The FrontLine

  • Date:
    Wednesday, July 9, 2008
    Review by:
    Peter Brown

    We're just about half way through this year's season at the Globe, and at this stage there's usually a break from Shakespeare. This year it's a new play by Ché Walker, an actor and playwright who's already experienced the massive stage at this venue - he had a part in last year's production of Othello.

    'The Frontline' doesn't have a traditional kind of plot, though there's a thread of a story line running through it. In a way, the play is more a series of snapshots of life as it takes place around a tube station somewhere in London. I say 'somewhere' because the kind of activities that go on there could happen in many different areas of London. However, Ché Walker did much of his research in Camden where he lives, and I found some of the scenes reminded me of the eclectic atmosphere - what estate agents often call a 'vibrant atmosphere' - that flourishes in Camden and the environs of its teaming tube station.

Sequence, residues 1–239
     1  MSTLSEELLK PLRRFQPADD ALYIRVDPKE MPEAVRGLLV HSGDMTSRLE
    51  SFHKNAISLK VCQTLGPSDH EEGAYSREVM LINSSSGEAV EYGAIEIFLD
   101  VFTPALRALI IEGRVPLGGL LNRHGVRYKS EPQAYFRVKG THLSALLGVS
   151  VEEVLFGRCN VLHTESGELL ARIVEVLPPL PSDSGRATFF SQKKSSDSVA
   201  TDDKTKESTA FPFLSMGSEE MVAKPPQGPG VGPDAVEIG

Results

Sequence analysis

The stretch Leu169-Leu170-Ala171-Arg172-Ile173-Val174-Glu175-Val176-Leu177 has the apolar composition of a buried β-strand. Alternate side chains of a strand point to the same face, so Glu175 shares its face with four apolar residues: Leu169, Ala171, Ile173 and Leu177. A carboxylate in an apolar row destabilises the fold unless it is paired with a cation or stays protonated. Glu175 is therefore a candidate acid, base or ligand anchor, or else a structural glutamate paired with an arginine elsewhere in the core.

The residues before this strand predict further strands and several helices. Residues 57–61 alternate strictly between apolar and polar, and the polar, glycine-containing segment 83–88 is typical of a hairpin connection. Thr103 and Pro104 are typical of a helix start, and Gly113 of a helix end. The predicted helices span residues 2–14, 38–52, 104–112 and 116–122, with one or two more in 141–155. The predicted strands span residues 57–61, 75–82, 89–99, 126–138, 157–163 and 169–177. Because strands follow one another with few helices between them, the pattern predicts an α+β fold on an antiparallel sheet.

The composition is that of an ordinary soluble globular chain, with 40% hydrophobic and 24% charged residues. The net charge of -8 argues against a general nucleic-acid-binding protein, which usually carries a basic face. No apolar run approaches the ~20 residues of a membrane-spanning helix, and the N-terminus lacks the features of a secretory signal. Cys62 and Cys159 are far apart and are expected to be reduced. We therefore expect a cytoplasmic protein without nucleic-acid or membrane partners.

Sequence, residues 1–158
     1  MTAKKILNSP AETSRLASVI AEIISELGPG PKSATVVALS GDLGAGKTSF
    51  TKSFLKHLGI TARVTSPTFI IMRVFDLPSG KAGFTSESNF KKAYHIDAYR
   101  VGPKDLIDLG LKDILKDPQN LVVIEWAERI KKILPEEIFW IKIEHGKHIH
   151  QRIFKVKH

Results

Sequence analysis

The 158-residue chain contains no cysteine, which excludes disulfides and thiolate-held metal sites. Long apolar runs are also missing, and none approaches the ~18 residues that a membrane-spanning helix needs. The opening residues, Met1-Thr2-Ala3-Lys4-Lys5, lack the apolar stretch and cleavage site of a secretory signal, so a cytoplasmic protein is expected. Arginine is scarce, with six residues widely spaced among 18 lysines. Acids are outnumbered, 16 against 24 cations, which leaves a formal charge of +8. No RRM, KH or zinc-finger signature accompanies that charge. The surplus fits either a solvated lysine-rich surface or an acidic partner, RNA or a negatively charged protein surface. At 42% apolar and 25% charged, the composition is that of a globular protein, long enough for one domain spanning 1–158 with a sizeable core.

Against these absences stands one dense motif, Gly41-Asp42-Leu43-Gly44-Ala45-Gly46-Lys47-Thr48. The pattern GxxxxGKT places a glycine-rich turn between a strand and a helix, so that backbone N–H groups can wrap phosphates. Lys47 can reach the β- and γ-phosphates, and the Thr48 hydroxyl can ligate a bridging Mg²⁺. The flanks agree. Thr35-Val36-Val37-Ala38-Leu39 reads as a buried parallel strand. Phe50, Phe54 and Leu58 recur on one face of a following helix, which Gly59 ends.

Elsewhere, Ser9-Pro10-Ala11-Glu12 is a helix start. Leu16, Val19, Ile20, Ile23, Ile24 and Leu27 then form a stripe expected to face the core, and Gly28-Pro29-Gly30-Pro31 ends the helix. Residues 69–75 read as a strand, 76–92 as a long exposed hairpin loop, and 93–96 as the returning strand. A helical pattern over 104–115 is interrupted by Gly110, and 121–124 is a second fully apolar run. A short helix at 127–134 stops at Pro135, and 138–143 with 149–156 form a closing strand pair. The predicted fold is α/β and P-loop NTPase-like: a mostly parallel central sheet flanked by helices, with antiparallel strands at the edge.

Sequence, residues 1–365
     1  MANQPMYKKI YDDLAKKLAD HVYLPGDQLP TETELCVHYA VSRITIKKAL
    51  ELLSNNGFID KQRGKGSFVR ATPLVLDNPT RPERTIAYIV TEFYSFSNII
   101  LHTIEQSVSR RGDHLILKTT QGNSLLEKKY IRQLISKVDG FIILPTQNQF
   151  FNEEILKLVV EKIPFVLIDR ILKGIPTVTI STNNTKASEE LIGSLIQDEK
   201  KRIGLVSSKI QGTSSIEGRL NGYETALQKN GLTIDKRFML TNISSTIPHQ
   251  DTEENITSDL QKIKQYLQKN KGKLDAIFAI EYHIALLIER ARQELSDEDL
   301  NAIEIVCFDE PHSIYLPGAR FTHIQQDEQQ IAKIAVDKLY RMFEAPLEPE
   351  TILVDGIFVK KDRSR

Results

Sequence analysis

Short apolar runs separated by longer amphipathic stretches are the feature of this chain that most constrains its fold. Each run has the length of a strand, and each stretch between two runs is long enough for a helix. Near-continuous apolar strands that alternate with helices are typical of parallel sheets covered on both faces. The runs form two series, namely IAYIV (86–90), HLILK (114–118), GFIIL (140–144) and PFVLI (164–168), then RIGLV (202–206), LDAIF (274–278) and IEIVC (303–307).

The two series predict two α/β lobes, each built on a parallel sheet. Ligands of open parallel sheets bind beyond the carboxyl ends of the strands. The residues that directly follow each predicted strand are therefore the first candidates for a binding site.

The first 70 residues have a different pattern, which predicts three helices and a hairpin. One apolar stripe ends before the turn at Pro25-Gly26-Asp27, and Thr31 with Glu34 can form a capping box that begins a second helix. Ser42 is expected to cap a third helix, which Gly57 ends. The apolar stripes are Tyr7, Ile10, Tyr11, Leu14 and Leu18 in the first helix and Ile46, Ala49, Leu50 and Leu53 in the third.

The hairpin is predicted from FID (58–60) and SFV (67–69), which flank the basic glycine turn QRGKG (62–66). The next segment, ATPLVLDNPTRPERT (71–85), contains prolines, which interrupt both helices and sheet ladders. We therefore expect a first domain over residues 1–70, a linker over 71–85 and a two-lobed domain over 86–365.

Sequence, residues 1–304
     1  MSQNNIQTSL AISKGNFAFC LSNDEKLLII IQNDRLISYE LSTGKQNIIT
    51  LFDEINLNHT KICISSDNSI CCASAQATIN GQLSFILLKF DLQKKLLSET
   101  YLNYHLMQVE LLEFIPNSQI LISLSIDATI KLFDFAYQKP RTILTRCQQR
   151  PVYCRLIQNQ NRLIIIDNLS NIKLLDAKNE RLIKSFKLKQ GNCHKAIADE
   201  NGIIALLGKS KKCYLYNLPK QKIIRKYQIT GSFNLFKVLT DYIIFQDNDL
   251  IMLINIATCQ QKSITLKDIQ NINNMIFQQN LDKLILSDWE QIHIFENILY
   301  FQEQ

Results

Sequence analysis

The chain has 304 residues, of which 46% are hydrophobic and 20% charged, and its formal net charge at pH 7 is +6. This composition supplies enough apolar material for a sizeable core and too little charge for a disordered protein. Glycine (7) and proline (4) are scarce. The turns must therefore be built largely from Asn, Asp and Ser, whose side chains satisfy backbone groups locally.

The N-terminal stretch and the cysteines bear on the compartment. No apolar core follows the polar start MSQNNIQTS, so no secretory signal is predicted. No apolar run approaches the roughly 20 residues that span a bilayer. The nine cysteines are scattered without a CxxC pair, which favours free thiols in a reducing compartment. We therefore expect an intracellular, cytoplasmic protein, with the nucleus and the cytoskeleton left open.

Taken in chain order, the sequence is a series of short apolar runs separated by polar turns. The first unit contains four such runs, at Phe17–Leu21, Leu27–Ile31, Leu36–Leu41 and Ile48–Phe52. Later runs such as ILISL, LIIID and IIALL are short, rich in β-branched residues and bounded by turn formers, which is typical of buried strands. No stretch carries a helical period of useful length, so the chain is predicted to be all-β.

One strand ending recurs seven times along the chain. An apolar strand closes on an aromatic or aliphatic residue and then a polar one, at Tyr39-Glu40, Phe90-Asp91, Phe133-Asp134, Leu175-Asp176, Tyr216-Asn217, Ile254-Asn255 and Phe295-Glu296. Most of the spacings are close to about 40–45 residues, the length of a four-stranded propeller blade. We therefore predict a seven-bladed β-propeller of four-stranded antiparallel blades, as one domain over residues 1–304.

'The Frontline' presents us with a large number of very different characters, but who nevertheless have much in common - in short, they're all struggling to survive on the margins of society and in a world where success is often judged by the ability to make money, and being 'normal', whatever that might mean. As the opening musical number tells us, all these people are 'desperate and invisible'.

    The focus of much of the play is the 'Fantasy Bar', with a black, book-reading bouncer who's never been in a fight in his life. We also see a young actor, Mordechai Thurrock, who's constantly on the public telephone trying to persuade an agent to see his show. As the play progresses, Mordechai becomes increasingly desperate to demonstrate his 'tsunami of talent', even offering to perform his play in the agent's office. There's also a group of Christian evangelists who hang about the tube station singing gospels. Their leader is a reformed heroine addict, who hasn't completely got over her ex-lover, or his dubious charms.

    Gangsters, drug dealers, addicts, and a Scottish hot dog seller who acts as narrator also figure in the 22 strong band of characters. There's also an old man who thinks every girl or woman he meets is his long-lost daughter, and who totes around albums with her photos. Overall, it's a realistic assortment of people we've all probably seen around our capital, but who we've paid little or no attention to. And this is why 'The Frontline' is so successful – it gives us time to consider the lives of these people that, more often than not, we choose to ignore.